By J Jeganaathan
On 31 October 2012, the Independent Election Commission (IEC) of Afghanistan announced the timeline for Presidential and Provincial Councils Elections, which is scheduled to take place in April 2014. While releasing the Election Calendar during a press conference in Kabul, Fazil Ahmad Manawi, the head of the IEC said, “we are even prepared to pave the ground for the armed opposition, be it the Taliban or Hezb-i-Islami, to participate in the election either as voters or candidates…there will be no discrimination”.
This is an open invitation to Taliban and other armed insurgents to take part in the elections. In this context, the electoral process of Afghanistan that was kicked-off recently assumes significance from a national reconciliation perspective. But, the moot question is, will Taliban contest in the election or even support it?
The Significance of the 2014 Elections
It is widely believed that the 2014 elections are crucial for the peace and stability of Afghanistan as the country is set for political, economic and security transitions. Politically, the country is preparing to embrace a new leadership since incumbent President, Karzai, is constitutionally barred from running in the 2014 elections.
Moreover, international forces deployed in the region, have decided to hand over security responsibilities to Afghan forces and therefore, the new government will confront the security transition, as well. The country will also undergo an economic transition from aid economy to independent self-sustained economy. Nevertheless, the prospects for peace and stability will be dismal unless there is a fair and square political transition.
What does the Taliban Say?
So far, there is no official reaction from the Taliban regarding the proposed election schedule. However, the official website of Islamic Emirates of Afghanistan, Shahmat, questioned the elections as being “new attempts to justify the invasion”. It decreed that “the Islamic Emirate of Afghanistan anticipates the solution of the Afghan predicament in the full freedom and not through a false and fake election”. This indicates their penchant for a free and fair election without foreign interference.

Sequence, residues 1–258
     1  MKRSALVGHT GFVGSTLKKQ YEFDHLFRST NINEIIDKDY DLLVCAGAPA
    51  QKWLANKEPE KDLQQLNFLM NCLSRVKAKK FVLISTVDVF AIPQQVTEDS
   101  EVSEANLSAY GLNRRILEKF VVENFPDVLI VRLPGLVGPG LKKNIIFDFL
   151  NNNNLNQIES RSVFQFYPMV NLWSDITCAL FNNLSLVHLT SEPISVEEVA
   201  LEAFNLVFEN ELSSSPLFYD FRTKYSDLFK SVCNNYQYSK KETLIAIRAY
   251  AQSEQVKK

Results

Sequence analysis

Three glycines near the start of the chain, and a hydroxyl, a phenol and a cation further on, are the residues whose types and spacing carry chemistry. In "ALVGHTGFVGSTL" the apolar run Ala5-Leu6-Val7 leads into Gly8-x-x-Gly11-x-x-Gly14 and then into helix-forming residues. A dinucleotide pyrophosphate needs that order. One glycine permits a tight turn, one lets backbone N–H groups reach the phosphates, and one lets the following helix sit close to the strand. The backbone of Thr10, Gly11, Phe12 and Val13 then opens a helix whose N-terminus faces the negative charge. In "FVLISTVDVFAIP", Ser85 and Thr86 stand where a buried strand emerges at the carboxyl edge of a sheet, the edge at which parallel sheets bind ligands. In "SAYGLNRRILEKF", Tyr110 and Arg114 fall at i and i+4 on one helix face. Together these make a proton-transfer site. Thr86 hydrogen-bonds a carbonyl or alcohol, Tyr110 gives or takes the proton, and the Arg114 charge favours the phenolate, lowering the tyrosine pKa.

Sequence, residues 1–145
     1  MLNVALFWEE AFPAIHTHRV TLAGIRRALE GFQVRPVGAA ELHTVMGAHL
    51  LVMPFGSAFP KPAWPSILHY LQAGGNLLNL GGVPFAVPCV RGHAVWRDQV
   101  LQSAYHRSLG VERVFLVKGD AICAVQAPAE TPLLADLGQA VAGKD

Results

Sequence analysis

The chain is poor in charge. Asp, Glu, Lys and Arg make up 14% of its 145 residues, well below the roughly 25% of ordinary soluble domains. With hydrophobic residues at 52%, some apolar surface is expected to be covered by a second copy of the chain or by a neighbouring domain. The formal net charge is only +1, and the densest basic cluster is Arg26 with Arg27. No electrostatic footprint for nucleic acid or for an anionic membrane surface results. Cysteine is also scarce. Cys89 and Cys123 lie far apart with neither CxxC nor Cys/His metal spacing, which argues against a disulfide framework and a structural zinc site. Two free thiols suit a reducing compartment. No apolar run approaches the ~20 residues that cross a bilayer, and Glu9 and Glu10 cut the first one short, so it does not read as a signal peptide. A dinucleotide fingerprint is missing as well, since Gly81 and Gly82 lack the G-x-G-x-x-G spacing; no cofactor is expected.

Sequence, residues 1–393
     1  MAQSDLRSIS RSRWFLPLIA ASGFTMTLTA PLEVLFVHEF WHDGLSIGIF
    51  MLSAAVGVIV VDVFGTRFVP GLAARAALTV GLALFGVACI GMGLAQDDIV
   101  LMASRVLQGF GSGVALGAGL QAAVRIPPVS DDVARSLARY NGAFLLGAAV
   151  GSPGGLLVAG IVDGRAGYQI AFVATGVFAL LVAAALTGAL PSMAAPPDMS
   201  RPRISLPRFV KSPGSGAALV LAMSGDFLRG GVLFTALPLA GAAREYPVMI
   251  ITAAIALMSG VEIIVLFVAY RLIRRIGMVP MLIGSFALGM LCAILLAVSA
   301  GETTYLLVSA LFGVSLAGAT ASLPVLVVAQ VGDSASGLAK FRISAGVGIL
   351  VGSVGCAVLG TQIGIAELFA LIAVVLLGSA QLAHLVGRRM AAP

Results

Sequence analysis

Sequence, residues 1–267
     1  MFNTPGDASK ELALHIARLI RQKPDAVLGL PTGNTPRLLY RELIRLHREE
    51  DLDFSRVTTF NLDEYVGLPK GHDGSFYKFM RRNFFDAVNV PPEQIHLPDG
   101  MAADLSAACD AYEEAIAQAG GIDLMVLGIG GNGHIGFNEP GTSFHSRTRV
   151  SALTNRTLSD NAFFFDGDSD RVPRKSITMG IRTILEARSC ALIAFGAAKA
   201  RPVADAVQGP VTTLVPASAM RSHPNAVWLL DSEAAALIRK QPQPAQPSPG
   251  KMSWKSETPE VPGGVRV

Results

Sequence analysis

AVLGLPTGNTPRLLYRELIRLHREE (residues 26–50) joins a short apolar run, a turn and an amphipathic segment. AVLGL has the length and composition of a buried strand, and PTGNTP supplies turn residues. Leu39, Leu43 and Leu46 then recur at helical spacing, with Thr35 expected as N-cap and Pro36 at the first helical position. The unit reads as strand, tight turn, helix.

Moreover, one cannot rule out any possibility of such a scenario, given the new circumstances that emerged especially after Osama’s death, in which the Taliban appeared reformed and matured. A clear example of this was the releasing of the third Layeha, the Taliban’s Code of Conduct, issued by Mullah Omar, which prohibits attacking civilians and looting. This reflects the Taliban’s professional public relations strategy and growing political maturity in their leadership.
According to the Royal United Service Institute’s report, which is based on interviews with Taliban interlocutors, the Taliban’s liaison with the Pakistani army or the ISI as well as the al Qaeda, is waning. It can also be inferred that the Taliban’s leadership is divided into two camps: idealist and pragmatist. The pragmatists are willing to negotiate their radical ideology for a legitimate political space in the Afghan polity. But, they are strongly averse to any external interference in determining or dictating their political future and also disapprove of the present government as being a “stooge”.